Study of Risk Factors for Development of Voice Disorders and its Impact on the Quality of Life of School Teachers in Mangalore, India MC01-MC05
Dr. Arati Alva,
Assistant Professor, Department of Ear Nose and Throat, Kasturba Medical College Hospital, MAHE University,
Mangalore-575001, Karnataka, India.
Introduction: School teachers are most prone to the development and detrimental effects of voice disorders as a consequence of their work. The risk factors for development of dysphonia in teachers are multifactorial.
Aim: The primary aim of our study was to investigate the various risk factors that influence the onset and progression of voice disorders in school teachers in the Indian context. We wanted to assess the effect of voice problems on the physical, psychosocial and functional aspect of a teacher’s life.
Materials and Methods: It was a cross-sectional study conducted across three English medium institutions. A total of 105 teachers consented to participate in the study and they had to answer a semi-structured, pre-tested questionnaire, which included demographic details, living habits (drug intake, smoking and alcohol intake) health condition [any Deviated Nasal Septum (DNS), Gastroesophageal Reflux Disease (GERD), stress, etc., or any history of surgery], teaching characteristics, voice symptoms and physical discomforts and quality of life assessment. The completed questionnaires were collected and analyzed based on the responses obtained.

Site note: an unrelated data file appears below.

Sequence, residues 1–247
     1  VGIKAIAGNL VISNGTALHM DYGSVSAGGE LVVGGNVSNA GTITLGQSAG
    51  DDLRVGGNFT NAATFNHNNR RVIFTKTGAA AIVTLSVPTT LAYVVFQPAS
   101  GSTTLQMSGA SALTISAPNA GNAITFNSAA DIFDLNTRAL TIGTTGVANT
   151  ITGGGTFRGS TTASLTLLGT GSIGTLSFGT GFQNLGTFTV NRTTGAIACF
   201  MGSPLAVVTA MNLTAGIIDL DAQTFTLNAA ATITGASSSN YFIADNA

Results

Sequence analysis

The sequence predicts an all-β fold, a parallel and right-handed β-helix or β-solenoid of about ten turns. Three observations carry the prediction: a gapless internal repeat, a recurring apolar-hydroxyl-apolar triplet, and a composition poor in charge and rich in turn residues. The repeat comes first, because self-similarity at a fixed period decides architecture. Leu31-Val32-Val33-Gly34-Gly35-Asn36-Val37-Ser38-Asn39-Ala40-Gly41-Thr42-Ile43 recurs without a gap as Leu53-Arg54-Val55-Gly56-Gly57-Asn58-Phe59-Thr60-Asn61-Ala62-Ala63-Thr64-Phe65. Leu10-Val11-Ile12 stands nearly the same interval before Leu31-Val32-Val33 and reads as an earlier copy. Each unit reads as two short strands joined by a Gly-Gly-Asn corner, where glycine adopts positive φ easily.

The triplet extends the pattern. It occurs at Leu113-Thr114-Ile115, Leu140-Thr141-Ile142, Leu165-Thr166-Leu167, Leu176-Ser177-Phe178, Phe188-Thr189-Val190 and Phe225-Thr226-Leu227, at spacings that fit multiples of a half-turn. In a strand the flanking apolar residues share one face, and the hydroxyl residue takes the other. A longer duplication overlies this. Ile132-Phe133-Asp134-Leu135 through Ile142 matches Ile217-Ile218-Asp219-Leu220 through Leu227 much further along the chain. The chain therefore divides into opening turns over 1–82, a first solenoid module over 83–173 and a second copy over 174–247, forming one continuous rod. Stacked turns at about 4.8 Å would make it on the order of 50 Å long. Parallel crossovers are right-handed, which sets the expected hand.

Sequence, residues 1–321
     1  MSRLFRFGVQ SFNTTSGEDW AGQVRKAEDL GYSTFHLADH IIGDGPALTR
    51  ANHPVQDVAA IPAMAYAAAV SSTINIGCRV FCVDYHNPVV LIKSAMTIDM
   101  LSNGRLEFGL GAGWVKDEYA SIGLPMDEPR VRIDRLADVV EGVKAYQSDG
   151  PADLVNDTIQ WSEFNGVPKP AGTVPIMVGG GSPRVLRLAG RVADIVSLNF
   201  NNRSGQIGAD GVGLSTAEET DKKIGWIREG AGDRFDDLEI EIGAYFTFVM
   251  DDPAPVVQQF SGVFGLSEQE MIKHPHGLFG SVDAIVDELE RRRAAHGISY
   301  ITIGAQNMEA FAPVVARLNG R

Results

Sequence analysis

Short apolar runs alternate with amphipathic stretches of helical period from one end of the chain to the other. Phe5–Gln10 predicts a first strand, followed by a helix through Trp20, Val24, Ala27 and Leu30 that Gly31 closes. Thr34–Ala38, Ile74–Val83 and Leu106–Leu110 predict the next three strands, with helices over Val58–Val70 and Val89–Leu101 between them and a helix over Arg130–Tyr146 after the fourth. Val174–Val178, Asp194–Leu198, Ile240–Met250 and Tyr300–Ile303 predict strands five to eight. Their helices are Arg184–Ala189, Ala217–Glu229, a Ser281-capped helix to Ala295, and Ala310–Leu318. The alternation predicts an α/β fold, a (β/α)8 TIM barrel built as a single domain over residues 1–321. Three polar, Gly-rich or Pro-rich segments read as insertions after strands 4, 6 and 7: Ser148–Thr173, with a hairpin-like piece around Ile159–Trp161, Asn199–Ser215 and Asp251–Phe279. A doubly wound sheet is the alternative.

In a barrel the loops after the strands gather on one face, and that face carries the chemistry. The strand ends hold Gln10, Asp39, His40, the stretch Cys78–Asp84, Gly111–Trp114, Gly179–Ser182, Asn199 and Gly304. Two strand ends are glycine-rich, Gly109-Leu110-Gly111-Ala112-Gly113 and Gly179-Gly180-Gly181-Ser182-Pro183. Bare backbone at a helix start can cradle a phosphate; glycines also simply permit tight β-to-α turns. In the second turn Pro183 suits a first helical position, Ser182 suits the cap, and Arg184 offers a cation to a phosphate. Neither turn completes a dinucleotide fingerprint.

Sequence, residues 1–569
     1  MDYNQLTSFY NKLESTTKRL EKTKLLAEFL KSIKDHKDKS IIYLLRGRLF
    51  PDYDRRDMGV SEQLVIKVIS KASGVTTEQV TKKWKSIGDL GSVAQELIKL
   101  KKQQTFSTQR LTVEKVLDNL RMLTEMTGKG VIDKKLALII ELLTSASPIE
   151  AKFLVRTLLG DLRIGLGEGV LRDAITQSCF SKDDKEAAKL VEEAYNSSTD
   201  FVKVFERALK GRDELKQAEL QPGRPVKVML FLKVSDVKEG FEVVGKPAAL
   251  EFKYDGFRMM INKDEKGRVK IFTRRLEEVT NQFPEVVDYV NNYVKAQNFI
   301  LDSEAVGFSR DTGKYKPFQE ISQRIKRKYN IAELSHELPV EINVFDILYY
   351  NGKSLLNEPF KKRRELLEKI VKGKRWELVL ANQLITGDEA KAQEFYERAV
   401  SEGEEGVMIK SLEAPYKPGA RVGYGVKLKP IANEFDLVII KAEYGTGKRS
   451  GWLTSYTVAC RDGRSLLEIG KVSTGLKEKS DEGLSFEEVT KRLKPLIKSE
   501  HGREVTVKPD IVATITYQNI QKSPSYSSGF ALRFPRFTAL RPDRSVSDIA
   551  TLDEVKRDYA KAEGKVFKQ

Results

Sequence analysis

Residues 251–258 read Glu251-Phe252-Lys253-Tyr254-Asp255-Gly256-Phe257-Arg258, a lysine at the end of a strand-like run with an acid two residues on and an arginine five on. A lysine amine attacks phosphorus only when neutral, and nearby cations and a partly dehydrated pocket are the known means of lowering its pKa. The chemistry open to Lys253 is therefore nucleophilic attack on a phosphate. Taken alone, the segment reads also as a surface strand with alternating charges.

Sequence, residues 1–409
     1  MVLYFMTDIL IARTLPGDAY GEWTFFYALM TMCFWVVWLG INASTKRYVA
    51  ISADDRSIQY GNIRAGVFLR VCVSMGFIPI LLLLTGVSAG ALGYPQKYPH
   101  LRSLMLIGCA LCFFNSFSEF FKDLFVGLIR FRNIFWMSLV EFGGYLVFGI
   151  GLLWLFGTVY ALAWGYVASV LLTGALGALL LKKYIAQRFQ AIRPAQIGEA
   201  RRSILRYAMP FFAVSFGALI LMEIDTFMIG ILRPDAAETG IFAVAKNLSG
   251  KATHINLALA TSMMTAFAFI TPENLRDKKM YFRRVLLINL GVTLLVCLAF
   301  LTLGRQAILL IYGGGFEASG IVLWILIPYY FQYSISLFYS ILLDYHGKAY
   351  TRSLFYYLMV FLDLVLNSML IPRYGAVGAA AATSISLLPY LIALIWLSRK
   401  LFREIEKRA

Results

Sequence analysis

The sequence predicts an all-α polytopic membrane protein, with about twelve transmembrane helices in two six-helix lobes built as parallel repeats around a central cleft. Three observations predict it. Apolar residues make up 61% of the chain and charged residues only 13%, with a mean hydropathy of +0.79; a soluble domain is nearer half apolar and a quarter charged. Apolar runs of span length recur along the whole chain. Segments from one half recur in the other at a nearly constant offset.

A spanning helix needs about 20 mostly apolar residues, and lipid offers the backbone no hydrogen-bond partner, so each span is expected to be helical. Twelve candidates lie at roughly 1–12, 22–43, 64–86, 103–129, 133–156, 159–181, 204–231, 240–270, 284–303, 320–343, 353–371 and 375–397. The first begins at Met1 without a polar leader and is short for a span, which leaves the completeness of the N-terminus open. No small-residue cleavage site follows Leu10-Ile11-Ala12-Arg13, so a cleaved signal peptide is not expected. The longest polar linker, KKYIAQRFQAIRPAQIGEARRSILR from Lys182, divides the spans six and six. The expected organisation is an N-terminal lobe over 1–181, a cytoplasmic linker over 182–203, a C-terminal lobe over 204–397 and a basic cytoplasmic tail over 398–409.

Results: It was found that 81% of the study population had voice problems at some point of their career. A total of 26% of them fell into the voice disorder category. The association of upper respiratory infections DNS and GERD with voice disorders was found to be statistically significant. We also found that a significant number of teachers with voice disorders had changed their teaching styles and were planning to opt for an early retirement. Most importantly, it was also seen that teachers with voice disorders were more likely to have a poorer quality of life as compared to those without a voice disorder (p<0.001).
Conclusion: Voice disorders had a significant bearing on all the spheres of a school teacher’s life. The affected teachers were more likely to take sick leaves, change overall job opinions, retire early, reduce overall communiations, repeat statements and avoid talking to people in person as well as over the telephone. It reduced their overall social abilities and made them avoid social activities. They got easily upset and were dissatisfied with their job performance. All these in turn deteriorate the quality of life in these individuals.